Later Stanley is assigned to a cot, where a boy called Barf Bag was. Mr. Pendanski says, he is in the hospital and will not be returning. As the counselor and the other boys leave the tent, Stanley asks Theodore where to get water. He was not so happy, he turns on Stanley, throws Stanley to the ground, because he insists on being called Armpit. After Armpit leaves, Stanley maybe thinks that if Armpit is so proud of that name, maybe the nicknames are terms of respect, and it will not be so bad to sleep on a cot that belonged to a Barf Bag.

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Summary

These first chapters recount the bus journey of Stanley Yelnats IV from his hometown in Texas to Camp Green Lake, a correctional facility for young criminal offenders. Stanley is an overweight and unlucky boy who was caught with a pair of sneakers belonging to a famous baseball player, who intended to auction them off for charity, and he has been sentenced to time at Camp Green Lake instead of in jail.

Despite this conviction, Stanley is innocent of the theft of which he has been accused, and actually - improbably - found the sneakers when they fell from the sky and into his hands. Since his father is an inventor working on a cure for foot odor, Stanley believes the sneakers are his "destiny," maybe even a "gift from God" that will signal a turn for the better in his family's unfortunate circumstances (24). Instead - and Stanley attributes this bad luck to a family curse - he is arrested and sent to Camp Green Lake to do his time and eventually be rehabilitated into society.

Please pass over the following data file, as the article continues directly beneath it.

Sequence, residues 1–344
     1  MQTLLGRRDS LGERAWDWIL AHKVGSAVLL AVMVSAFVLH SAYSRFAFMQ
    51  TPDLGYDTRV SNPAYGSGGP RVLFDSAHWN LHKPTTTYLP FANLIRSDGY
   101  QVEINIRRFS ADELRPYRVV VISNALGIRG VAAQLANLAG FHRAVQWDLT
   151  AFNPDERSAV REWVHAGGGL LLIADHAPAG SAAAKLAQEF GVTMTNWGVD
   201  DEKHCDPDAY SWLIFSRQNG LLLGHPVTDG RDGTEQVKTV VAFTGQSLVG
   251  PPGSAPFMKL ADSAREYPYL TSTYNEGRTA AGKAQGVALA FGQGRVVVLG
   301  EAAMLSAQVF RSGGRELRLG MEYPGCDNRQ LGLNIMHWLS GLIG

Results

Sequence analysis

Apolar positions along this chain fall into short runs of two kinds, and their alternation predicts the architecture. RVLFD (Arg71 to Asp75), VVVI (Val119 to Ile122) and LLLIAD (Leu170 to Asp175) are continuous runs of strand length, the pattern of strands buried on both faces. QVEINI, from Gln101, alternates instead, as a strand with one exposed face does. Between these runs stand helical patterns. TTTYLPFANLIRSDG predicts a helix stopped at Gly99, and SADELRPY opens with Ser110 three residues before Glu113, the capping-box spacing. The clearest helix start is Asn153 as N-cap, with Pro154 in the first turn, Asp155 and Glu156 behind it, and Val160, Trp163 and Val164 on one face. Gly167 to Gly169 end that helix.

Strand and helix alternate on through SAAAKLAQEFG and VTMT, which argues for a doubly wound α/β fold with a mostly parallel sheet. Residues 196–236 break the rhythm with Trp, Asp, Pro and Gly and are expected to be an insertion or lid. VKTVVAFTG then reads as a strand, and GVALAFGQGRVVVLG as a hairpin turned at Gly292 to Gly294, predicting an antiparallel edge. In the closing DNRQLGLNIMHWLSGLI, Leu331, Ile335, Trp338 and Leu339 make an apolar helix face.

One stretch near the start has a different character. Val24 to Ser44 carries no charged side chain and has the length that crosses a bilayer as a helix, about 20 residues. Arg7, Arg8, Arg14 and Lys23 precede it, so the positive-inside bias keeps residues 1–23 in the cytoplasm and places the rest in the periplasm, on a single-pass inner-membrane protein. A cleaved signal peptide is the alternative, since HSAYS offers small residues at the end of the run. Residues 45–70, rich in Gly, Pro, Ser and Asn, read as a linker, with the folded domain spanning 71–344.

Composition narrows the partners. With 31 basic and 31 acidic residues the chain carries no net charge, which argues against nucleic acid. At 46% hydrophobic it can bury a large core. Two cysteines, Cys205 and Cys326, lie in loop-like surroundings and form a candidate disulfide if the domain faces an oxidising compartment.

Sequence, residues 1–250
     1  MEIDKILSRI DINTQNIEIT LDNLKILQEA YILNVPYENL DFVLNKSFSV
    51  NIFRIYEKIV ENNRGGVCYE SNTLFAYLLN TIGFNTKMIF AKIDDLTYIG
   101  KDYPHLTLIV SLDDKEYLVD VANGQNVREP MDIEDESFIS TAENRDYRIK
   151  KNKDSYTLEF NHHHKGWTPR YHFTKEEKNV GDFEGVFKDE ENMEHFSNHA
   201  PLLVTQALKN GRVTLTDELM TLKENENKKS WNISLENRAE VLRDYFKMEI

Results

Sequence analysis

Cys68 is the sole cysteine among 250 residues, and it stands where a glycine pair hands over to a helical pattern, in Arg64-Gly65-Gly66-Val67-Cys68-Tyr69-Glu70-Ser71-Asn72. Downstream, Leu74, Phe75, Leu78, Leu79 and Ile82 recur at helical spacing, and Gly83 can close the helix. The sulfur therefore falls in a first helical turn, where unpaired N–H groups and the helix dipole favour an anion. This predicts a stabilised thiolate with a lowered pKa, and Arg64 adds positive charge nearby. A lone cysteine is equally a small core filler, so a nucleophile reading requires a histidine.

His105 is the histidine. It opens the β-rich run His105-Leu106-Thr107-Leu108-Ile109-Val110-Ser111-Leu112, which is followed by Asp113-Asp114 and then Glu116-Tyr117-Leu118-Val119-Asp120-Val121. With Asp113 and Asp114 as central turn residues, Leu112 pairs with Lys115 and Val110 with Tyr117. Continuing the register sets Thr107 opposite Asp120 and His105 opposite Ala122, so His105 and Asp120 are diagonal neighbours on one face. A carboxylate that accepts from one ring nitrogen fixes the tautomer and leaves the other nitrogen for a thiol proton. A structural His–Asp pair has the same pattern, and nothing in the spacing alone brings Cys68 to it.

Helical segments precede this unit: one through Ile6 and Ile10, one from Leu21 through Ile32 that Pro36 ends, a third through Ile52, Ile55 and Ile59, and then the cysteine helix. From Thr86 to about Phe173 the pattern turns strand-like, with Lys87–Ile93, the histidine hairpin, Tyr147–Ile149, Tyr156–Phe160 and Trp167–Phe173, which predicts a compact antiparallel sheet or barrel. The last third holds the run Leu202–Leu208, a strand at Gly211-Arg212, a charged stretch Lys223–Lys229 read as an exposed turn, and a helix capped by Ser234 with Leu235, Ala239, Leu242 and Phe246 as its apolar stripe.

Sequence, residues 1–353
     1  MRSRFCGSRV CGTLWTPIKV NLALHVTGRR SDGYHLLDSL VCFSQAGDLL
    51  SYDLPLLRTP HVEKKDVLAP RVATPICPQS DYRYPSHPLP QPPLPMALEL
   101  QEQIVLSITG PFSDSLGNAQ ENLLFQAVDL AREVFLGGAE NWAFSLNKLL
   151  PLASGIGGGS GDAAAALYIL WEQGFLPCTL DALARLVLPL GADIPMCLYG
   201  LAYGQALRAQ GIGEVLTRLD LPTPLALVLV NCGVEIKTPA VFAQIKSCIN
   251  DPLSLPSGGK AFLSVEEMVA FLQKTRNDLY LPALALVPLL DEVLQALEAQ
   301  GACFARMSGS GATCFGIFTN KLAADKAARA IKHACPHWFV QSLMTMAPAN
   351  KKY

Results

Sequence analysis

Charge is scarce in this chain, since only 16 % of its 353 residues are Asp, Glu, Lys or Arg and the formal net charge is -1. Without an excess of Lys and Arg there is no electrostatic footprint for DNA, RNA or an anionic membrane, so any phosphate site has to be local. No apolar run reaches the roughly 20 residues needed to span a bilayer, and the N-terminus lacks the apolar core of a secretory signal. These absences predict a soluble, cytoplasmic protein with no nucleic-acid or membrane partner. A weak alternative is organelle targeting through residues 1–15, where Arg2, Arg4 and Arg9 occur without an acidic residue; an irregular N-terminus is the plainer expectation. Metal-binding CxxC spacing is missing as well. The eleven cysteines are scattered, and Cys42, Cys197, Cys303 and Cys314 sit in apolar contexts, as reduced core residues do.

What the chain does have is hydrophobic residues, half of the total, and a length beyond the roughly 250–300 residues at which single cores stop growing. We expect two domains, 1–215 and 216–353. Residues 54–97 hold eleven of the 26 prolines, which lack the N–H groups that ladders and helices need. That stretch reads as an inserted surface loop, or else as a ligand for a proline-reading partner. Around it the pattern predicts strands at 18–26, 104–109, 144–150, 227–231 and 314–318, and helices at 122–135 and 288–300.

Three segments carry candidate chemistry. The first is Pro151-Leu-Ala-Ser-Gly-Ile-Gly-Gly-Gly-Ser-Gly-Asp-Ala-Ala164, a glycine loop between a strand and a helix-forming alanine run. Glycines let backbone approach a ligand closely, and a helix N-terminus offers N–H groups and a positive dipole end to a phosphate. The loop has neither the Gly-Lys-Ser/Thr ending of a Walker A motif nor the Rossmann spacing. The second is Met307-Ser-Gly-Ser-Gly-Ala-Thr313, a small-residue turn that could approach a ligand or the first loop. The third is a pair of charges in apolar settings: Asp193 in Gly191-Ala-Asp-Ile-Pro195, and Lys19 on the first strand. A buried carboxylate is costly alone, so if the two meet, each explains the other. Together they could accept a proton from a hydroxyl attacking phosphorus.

After a long and dusty bus ride, Stanley arrives in Camp Green Lake, which to his surprise is neither green nor near a lake. In fact, the camp consists of a couple of buildings in the middle of a vast dried lake basin, with nothing but desert for miles in every direction.

The first person who Stanley meets is Mr. Sir, a rather abrasive official at the camp who tells him that he can try to run away if he wants, but that he will die of thirst and heat stroke before he gets to safety. Mr. Sir seems to have a relatively luxurious, lazy lifestyle in comparison with the boys at the camp, who eat disgusting food, sleep on smelly cots, and get a very limited amount of water to drink and to shower in.